You Sing! You Sing! The karaoke microphone was thrust into Jim’s hand by the cheering crowd. Thick smoke circled the room, becoming increasingly worse as the passing tobacco bong was alternated by chain smoking cigarettes.. I sat silently, waiting to see what he would do. Singers we are not, but faced with such enthusiasm, it would be hard to resist.
We were on a private island, on the far reaches of Halong Bay, in Northeast Vietnam. In Hanoi we had booked a typical junk tour, featuring one night on board, and one night on the island. It was just after Christmas and we were road weary and homesick after four months on the road, so as a treat to ourselves, we booked a second night on the island.
We had zipped out of Hanoi, entering a more rural Vietnam on the four-hour trip to Tuan Chao Marina. The harbor was packed with boats, both junks and fishing boats, and we were a bit put off to find our boat was tied far off the dock, past many others. Sixth in line, to be exact, and the only way to get to it was to climb from boat to boat, negotiating the varying distances between boats and literally climbing from railing to railing.
It was an exhausting journey, our fully loaded backpacks proving to be a huge hinderence as we clung to ropes, climbed on railings to jump to the next boat, and made our way down narrow corridors to repeat the procedure. One crossing was so wide between boats we needed to throw our backpacks onto the next deck and swing on ropes across. Not exactly what we thought we’d be experiencing on our “first class” tour. Alas, after over a month in Vietnam we knew nothing is at it seems.
We finally arrived at our junk, sweating and irritated, but grateful for the cool, overcast conditions. The remainder of our passengers staggered on-board and we headed off into the magnificent bay.
Halong Bay is an over 1553 square km area, made up of thousands of islands of limestone monoliths, rising out of the water like beacons. A UNESCO World Heritage Site since 1994, it is home to several floating villages, caves to explore, and a variety of water sports.
Most tours offer the two-night option for prices varying widely from $70-130 per person. Some of the price variation is based on quality of the boat, but from what we found, it has more to do with your bargaining skills! We ended up paying $190pp for round-trip transfers from Hanoi, all meals, one night on the junk and two nights in a bungalow on our private island. Not a bad deal. Apparently, having spent a month bargaining for positively everything in this country at least proved useful.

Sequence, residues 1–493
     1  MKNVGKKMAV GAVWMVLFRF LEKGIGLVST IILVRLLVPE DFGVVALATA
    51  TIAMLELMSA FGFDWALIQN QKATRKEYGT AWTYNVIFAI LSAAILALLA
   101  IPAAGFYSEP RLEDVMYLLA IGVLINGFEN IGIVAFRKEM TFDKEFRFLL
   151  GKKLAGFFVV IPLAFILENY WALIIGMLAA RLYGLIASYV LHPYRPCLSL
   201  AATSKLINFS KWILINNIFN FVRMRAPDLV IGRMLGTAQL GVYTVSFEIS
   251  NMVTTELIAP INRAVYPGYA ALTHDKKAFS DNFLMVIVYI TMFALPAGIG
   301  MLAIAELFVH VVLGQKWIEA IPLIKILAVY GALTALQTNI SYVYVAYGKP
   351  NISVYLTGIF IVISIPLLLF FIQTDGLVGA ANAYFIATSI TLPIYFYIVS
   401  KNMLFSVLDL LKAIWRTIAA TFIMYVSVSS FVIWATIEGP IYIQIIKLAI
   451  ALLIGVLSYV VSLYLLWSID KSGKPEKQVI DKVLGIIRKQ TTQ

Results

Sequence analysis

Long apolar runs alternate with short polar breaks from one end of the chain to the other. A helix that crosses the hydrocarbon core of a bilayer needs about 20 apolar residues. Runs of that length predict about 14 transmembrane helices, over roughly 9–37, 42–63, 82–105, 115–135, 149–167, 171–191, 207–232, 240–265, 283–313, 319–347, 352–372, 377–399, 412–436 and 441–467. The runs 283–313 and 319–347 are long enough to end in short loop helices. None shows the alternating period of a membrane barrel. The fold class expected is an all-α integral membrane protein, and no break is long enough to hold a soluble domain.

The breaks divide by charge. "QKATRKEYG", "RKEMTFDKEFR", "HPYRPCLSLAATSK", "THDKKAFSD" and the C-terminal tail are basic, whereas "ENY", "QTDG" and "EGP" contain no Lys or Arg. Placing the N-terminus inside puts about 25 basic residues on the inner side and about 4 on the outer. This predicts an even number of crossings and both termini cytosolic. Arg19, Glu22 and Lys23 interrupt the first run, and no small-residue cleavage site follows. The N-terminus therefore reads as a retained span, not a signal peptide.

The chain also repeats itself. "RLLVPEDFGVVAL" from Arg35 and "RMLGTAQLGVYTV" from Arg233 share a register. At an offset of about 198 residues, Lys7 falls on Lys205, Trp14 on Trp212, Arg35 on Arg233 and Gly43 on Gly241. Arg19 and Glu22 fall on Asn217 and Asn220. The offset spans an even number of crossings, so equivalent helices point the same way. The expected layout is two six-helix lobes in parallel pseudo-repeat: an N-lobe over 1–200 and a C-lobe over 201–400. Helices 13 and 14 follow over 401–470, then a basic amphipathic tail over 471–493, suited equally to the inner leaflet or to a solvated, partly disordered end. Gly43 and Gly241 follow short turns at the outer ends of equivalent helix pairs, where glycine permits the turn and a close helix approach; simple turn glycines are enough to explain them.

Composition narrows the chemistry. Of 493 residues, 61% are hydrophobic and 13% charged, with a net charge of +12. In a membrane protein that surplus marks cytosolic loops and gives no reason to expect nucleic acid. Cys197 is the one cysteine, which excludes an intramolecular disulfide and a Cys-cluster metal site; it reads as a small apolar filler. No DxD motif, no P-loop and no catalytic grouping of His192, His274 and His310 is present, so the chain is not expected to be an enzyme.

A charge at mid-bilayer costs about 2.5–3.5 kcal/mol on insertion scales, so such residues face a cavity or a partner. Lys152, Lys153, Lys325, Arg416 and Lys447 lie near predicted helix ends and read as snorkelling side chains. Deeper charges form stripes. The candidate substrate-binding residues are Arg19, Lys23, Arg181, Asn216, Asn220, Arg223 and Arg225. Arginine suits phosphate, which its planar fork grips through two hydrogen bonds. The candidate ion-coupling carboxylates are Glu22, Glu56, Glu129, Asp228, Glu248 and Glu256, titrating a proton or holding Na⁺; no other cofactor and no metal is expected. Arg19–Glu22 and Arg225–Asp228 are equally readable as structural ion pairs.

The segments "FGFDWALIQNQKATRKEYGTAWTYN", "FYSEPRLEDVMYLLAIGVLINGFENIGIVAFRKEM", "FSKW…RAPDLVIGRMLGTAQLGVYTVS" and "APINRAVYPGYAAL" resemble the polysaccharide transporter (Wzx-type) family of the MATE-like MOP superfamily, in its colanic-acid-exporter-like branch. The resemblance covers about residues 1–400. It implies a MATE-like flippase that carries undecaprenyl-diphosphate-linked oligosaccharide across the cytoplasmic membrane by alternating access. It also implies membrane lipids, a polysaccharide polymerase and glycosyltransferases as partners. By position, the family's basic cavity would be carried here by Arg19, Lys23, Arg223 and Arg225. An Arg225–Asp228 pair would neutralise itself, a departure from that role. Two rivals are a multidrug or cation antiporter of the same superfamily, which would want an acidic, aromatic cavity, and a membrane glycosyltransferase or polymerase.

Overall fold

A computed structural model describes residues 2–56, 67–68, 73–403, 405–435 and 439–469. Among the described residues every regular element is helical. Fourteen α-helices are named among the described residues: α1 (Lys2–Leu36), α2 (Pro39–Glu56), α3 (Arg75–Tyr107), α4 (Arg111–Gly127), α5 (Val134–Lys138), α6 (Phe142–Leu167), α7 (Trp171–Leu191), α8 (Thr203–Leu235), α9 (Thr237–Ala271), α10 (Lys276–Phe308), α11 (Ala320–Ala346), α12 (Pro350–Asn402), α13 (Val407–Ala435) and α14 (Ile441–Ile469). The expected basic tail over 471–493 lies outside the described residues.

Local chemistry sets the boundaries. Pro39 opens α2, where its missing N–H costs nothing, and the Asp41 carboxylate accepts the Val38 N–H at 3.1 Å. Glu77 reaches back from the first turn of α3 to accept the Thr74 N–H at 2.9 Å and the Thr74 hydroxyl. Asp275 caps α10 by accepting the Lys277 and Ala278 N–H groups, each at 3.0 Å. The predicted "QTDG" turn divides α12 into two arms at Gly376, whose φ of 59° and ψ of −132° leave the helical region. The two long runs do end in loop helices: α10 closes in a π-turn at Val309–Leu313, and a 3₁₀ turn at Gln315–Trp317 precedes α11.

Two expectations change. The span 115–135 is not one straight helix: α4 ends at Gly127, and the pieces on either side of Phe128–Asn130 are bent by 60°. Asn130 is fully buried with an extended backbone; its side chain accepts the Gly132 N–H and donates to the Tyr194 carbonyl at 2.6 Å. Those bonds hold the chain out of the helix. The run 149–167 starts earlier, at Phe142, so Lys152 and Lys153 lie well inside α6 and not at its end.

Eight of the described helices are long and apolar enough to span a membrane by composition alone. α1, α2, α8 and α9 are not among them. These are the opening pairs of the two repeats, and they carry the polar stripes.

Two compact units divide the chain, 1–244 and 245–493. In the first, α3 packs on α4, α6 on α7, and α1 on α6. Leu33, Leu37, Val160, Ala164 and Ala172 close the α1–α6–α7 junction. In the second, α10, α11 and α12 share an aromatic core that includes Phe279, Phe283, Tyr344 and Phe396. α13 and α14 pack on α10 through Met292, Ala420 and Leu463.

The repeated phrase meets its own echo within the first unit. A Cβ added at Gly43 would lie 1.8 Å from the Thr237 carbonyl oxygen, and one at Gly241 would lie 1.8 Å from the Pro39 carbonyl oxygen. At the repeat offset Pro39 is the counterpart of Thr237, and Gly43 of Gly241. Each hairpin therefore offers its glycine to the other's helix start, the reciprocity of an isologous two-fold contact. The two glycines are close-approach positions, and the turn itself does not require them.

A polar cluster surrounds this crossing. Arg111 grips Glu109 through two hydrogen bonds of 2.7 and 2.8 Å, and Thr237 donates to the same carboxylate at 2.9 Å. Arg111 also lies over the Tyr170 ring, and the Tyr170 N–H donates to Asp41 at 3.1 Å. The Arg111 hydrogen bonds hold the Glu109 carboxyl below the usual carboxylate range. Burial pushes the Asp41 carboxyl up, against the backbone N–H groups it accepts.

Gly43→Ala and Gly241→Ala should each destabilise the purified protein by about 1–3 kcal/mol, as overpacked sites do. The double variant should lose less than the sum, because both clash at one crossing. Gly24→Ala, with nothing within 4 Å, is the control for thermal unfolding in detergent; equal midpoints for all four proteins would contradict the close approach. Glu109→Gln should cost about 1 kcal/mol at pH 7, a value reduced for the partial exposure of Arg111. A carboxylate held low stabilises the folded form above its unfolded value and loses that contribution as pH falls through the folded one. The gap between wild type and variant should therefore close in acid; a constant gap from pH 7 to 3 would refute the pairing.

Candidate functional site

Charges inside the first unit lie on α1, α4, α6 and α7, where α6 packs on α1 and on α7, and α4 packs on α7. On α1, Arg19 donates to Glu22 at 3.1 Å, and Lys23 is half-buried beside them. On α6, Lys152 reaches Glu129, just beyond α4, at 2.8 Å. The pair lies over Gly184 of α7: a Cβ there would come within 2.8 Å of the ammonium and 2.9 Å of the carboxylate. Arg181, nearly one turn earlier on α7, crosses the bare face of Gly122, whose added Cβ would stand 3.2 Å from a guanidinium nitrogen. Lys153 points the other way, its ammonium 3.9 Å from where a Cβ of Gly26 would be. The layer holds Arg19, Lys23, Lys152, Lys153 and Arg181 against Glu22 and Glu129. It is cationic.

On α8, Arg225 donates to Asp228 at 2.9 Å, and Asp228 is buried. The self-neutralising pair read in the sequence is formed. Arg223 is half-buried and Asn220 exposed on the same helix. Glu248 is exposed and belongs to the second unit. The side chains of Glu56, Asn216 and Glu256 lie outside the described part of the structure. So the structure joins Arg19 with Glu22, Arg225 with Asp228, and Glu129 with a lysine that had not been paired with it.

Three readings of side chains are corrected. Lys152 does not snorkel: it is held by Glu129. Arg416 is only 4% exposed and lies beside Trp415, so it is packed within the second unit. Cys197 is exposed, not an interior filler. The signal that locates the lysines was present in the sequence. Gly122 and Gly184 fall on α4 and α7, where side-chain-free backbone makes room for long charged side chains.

Our boat was, as with nearly everything in Vietnam, NOT as advertised. It was fine, a decent en-suite room, but not the luxury craft shown in the travel agents brochure. Food was edible and the cave tour and kayaking were included, so all was not lost. Sailing the bay is astonishing. The limestone cliffs rose out of the mist, the sky and hills were several shades of purple, and the entire evening became a magnificent sight.
Hang Dao Go cave is just one of several in the bay but offered the best stalagmite and stalactites. The caving was a fun distraction, but we were more fascinated to the view of the bay from the cave! Even though we enjoyed the cruise, the private island stop was our favorite. Incredibly relaxing. Incredibly scenic. It offered activities or complete relaxation. The first day was good fun. We played pool, we kayaked, we lazed on the beach. It was much too cold for swimming, but merely hanging out on the beach was a delight.
After waving goodbye to the others, day two drifted into an epic day of doing nothing. We purchased a couple of bottles of wine from the restaurant and spent the day on the beanbag chairs on our balcony, drinking, listening to Jimmy Buffet, and playing cards. We spent hours talking, about our last four months on the road, and of the months still to come. We wrote in our journal. We read. We napped.
That evening we wandered down the raised bamboo walkway to the restaurant for a lovely, and romantic dinner for two on the patio when we asked one of the young staff members if they enjoyed working in this remote spot. The next thing we knew, the manager was joining us for tequila shots and the rest of the gang pulled out the karaoke machine!
What followed was several hours of drinking, singing, and attempting not to breath too much of the thick smoke. As a woman, I was not allowed to participate in the singing, but Jim joined in on a couple of duets. We staggered back to our bungalow late that evening, astonished and filled with gratitude. Once again, the magic of travel and the simple act of asking a stranger about their life, resulted in a memory of a lifetime.
We waved a sad goodbye to our new friends the next morning, knowing the odds were great our paths would never again cross, but also sure that we would never forget them.